Art Confessional Vomitorium: part I

I don’t even know how to start this post…  There are things I need to get off my chest and out into the open, but this isn’t really the place to do it.  What this blog is for, and what I want to post, is art.  What I am having a lot of trouble motivating myself to do lately is art.  I have become so selfish with my not-at-home time it’s pretty sickening.  I have so many productive things I want to be doing.  But when I get to my overnight job, where all is quiet (for the most part) and I usually have a few solid hours of absolutely free time and it’s really the best time in the world to put effort into drawing/writing/creating whatever, I just stall.  And stall and stall and stall…

Drawing is my breath; it makes me happy.  It’s fun.  But I have discovered that I have what comes down to a kind of sickness when the act of drawing is coupled to anything outside of a random, spontaneous creative burst.  If I can’t finish something within the first spasm of inspiration, it will take me (almost, but not so off as to be really false) FOREVER to finish it.  I have started and subsequently neglected SO MANY PROJECTS it’s depressing and embarrassing.  I wander around the web drooling at the beautiful, magical things my art idols create (people like Emily Carroll, Lois van Baarle, Heather/Makani, the Cannons, Josh Middleton, Joy Ang and soooo many more).  I stalk about like a ninja, trying to absorb the coolness and talent  and wanting so badly to enter that inner circle of people who have DONE STUFF.  Then I leave the noise and busy-ness of our home, the fun and joy of life with wife and kids and housemates and churchmates and coffeehousemates and enter my quiet place of (drumroll) imminent productivity.  And then I play Minecraft.  Or watch another pointless kung-fu movie.  Or read blogs.  Or eat without needing to.  Or read some book.

Even when I actually get the pen to touch tablet and make lines on the screen, I can always find an excuse to draw something OTHER than what I know I need to finish.  And every second I don’t do what I know I need to do, I am CONSCIOUSLY choosing not to do it!  I feel exactly like I felt when I first started this blog, at war with the forces of laziness and procrastination and knowing I’ve been actively fighting for the losing side.  I’ve victimized good people who really want to help me on my path to “being an artist”, and so often it’s in the name of protecting my precious “free time” after having long, stressful days at home.  Everyone who is anyone sacrifices that free time to their cause, their dream, but (understatement of the universe) it’s very hard.  It’s hard to get motivated at 2 in the morning.  It’s hard to resist the foul succubus named FUN.  It’s hard to be dealing with money, kids, drama, volunteering, organizing, blah blah blah and then take those precious hours of calm on the night shift and sacrifice them on the altar of “career”.  Anyway, that’s how it FEELS, but in reality it’s drawing!  It’s the thing I love to do!  It’s my hobby!  It’s fun!  It makes no sense, and I hate it.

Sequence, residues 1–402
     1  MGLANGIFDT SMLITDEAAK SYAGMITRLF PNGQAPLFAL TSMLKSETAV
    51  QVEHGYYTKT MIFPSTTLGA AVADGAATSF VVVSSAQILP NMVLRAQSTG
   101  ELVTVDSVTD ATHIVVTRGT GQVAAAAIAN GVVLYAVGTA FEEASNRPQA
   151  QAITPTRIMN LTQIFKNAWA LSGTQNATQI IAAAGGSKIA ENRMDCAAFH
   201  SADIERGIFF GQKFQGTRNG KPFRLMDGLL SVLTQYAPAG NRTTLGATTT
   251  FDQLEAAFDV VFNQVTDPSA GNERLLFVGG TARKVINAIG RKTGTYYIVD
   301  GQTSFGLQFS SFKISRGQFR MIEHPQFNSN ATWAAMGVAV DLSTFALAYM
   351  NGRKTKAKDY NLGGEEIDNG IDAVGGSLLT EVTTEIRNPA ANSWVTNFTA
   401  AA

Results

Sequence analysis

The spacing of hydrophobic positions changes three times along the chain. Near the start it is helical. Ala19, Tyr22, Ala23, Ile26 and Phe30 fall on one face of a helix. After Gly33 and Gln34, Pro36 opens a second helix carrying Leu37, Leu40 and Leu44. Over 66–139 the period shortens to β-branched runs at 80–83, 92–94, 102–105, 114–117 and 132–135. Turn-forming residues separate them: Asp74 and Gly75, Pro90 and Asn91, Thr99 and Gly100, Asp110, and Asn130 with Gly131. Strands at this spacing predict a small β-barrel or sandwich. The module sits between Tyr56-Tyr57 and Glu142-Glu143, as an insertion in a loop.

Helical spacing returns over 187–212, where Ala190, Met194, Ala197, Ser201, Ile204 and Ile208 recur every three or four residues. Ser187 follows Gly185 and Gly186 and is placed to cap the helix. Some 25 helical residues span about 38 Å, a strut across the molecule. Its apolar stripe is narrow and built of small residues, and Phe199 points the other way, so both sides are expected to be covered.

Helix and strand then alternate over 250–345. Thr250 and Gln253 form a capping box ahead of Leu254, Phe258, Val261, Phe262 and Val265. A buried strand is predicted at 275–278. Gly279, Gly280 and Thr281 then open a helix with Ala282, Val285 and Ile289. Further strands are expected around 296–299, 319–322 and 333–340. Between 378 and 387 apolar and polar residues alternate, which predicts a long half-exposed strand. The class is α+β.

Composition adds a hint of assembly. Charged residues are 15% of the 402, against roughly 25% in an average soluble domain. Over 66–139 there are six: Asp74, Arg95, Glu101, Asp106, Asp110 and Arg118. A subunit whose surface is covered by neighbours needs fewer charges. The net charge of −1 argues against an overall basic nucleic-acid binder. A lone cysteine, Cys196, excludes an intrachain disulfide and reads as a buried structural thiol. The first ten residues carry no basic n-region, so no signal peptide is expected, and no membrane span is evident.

I’ve started some big, cool things that I want to show people so desperately, but as finished products.  The only thing is I have no idea when that will happen.  So here it is, my shame: my gallery of things that will be really cool someday.  At the moment they are poor orphaned children, birthed into the forgetful hands of a procrastinator.  Perhaps, as I struggle with myself and claim a few victories, some of these will mature into brilliant gleams of portfolio-worthiness, and you will be able to witness their transcendence right here at the Tethered Hawk!  Until then, they cry out as did the poor hunchback, Richard III: